with hinged joints produces a stable structural system in which
every component is loaded in either tension or compression.
Such systems are referred to as vector-active, where the forces
carried by the straight members are following the force vectors
exclusively in the form of normal (axial) forces.

compression

tension

Surface-active

shear

10

11

tension

Compression

Form-active

12

13

14

15

16

17

compression

tension

Hybrid

18

19

Fig. B.1

Typical vector-active structures include: plane and curved trusses and spatial frameworks.
Surface-active structures
Plate and shell structures that carry external loads via a combination of surface tension, compression, and shear stresses without
significant bending components are referred to as surface-active
structures. Aligning the surface along the flow of forces makes it
possible to activate pure membrane stress states.

Fig B.1

Different types of load bearing

structures categorised according to structural action. Based on Knippers et al


(2011: 135)

K, J. et al. (2011) Construction Manual for Polymers + Membranes.

10

11

B1

Fundamentals

Typical surface-active structures include: shells, plates carrying


in-plane loads and folded plates.
Form-active structures
The characteristic feature of form-active structures is that they
carry external loads by pure tension (cables, membranes) or pure
compression (arches) without shear forces or bending moments.
In order to achieve this, it is necessary to match the geometry
of the load bearing structure to the flow of forces. With varying
external loads such as wind or snow, the geometry must be able
to change and deform as well.
Typical form-active structures include: cable structures, membrane structures as well as catenary arches and shells.
Height-active structures
Engel's definition of a structural type that is characterised by rigid elements in predominantly vertical extension is height-active.
As they transfer forces from section-, vector-, surface- and formactive structures, they are not classified as an indigenous working mechanism and therefore not listed in Figure B.1.
Typical height-active structures include: towers and high-rise
buildings.
Bending-active
The term bending-active is introduced by the author to describe curved beam and surface structures that base their geometry on the elastic deformation of initially straight or planar
elements [Knippers et al 2011: 134]. Active bending in this context is understood to be a form defining strategy based on systemized elastic deformation, i.e. bending. In general, bendingactive structures are understood to be an approach rather than
a distinct structural type. The path of forces, as a yardstick for
the efficiency of a structure, cannot be generalised in terms of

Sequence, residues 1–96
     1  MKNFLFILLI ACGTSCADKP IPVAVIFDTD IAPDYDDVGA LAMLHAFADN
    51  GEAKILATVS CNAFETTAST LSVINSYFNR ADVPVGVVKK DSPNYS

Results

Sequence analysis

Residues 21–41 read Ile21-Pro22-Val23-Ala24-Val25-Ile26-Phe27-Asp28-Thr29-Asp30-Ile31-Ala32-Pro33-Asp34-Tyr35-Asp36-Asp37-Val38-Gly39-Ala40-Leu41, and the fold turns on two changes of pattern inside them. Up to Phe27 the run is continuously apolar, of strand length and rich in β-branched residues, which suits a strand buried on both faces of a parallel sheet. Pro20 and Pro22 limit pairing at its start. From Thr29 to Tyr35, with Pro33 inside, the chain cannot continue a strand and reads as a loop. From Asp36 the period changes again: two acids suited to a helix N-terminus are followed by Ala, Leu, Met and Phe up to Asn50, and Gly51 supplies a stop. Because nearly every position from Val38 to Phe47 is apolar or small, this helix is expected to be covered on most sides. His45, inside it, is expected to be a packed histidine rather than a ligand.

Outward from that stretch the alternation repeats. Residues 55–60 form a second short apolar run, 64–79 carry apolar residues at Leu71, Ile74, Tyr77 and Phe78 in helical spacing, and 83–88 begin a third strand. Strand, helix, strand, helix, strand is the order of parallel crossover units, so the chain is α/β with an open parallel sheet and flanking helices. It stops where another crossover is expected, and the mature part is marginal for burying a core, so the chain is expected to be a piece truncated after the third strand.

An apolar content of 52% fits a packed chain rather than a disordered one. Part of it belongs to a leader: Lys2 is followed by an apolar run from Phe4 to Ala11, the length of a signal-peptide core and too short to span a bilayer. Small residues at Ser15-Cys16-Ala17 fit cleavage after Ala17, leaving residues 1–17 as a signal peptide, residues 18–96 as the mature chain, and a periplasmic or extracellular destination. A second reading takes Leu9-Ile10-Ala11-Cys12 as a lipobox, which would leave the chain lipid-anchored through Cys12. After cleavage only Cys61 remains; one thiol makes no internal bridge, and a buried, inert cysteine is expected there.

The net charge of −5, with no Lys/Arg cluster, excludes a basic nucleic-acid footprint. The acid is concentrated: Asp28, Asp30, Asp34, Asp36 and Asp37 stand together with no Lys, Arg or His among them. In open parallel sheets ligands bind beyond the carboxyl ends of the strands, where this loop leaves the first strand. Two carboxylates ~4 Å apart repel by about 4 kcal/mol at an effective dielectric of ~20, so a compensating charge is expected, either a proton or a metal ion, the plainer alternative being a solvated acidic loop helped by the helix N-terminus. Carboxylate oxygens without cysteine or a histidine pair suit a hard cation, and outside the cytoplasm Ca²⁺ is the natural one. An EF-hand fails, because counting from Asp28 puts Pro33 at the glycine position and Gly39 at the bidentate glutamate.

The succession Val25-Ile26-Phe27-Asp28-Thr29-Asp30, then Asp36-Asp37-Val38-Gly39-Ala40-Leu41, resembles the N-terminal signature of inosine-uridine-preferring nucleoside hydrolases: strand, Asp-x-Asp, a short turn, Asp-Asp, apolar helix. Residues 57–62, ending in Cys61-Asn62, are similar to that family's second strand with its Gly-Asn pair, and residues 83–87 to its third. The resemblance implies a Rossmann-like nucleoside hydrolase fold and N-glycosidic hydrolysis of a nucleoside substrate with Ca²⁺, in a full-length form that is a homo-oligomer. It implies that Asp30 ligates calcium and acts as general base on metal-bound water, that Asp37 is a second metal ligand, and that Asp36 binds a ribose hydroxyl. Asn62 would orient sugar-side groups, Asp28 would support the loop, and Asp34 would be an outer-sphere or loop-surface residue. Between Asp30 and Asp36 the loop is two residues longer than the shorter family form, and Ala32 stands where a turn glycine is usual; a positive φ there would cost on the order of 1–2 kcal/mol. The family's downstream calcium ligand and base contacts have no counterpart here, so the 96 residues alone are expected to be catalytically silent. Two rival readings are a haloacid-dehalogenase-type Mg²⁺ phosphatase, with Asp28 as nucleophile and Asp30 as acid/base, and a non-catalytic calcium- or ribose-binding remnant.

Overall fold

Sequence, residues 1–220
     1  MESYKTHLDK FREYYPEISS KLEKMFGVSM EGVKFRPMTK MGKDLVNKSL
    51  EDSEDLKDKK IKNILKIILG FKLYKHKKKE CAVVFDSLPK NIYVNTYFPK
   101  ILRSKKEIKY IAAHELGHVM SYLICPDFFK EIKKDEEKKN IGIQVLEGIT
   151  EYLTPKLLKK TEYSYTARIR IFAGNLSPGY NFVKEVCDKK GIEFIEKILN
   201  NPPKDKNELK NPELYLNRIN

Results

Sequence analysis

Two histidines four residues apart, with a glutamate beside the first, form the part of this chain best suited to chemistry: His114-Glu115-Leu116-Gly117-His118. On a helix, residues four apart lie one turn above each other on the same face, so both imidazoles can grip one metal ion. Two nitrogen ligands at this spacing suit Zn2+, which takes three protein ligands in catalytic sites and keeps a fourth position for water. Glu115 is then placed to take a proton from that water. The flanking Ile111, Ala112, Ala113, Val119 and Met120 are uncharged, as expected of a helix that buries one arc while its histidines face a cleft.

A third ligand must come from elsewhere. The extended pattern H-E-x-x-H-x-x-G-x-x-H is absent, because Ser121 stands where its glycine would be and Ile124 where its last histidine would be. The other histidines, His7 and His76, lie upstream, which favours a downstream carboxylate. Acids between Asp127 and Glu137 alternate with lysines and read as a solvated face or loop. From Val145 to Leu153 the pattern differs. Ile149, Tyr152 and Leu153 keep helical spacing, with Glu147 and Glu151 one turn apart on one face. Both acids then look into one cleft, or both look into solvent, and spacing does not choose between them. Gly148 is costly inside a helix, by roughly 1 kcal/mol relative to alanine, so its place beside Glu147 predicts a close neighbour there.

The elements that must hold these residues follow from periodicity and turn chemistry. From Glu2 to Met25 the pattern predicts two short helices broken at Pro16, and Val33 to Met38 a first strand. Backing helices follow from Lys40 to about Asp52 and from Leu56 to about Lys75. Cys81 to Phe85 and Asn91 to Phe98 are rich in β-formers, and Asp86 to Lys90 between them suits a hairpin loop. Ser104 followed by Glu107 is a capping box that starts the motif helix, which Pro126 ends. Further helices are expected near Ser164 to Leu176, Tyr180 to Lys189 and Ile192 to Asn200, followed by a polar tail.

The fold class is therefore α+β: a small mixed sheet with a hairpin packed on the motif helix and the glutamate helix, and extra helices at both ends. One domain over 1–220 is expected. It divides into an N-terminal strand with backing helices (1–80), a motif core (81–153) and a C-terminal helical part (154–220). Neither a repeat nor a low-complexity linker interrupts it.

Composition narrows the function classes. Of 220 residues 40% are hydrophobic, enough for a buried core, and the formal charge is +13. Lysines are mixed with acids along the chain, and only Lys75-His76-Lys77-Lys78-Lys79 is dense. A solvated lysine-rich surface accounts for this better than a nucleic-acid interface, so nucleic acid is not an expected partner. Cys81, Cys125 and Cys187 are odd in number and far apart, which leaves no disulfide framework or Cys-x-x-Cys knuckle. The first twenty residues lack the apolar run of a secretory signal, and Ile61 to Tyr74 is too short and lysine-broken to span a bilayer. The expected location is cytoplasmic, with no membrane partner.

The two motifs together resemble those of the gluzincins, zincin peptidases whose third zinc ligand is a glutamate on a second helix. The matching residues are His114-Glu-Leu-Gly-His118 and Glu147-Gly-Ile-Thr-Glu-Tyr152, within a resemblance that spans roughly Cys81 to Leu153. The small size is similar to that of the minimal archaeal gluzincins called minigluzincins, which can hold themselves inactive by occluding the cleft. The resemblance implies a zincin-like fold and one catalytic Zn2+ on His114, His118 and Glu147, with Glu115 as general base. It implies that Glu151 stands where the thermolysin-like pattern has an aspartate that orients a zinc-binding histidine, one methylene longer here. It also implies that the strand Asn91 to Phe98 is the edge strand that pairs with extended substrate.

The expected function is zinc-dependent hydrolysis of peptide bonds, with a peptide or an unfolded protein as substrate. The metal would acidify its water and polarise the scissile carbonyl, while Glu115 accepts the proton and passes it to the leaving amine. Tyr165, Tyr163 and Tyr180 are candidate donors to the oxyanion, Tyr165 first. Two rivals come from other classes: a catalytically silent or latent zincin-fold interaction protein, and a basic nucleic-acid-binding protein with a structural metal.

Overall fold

an all inherent mechanism for bending-active structures. Their
common denominator is therefore not a circumscribed load bearing behaviour or geometrical definition, but a formation process
during which they are elastically bent.
As the load bearing includes a combination of bending and nor-

Bending-active Structures

mal forces, bending-active structures can be understood as a subcategory of section-active structures. The capacity of bendingactive structures to develop real arch or shell properties in their
final deformed state makes their load bearing behaviour similar
to that of form- and surface-active structures. A key feature of
bending-active structures is their potential for structural integration and heterogeneity, leaving the limits of strictly categorised
building structures by accumulating different load bearing strategies in hybrid systems. This leads to the following definition of
bending-active structures:
Bending-active structures are structural systems that include curved
beam or shell elements which base their geometry on the elastic deformation from an initially straight or planar configuration.
The pre-stressing of bending-active structures is generated
through large nodal displacements in statically indeterminate
structures. As a result, individual building elements are largely
deformed and therefore exposed to a constant bending stress, i.e.
pre-stress. The element stiffness is chosen so that the induced
bending stress never reaches the elastic limit of the used materials. Therefore, a linear material law (Hookes Law) is always
used for the subsequent investigations. As a consequence to the
large deformations of bending-active structures, the calculations
generally must be performed geometrically non-linear.
Bending-active in structural terms: constrained statically indeterminate structures with residual bending stress.
The main motivation for active-bending lies in the simplicity of
producing complexly curved elements, leading to the overall
understanding:
Bending-active structures are understood to be an approach rather than
a distinct structural type!
Hybrid structures
The principal mechanisms of load transfer introduced above in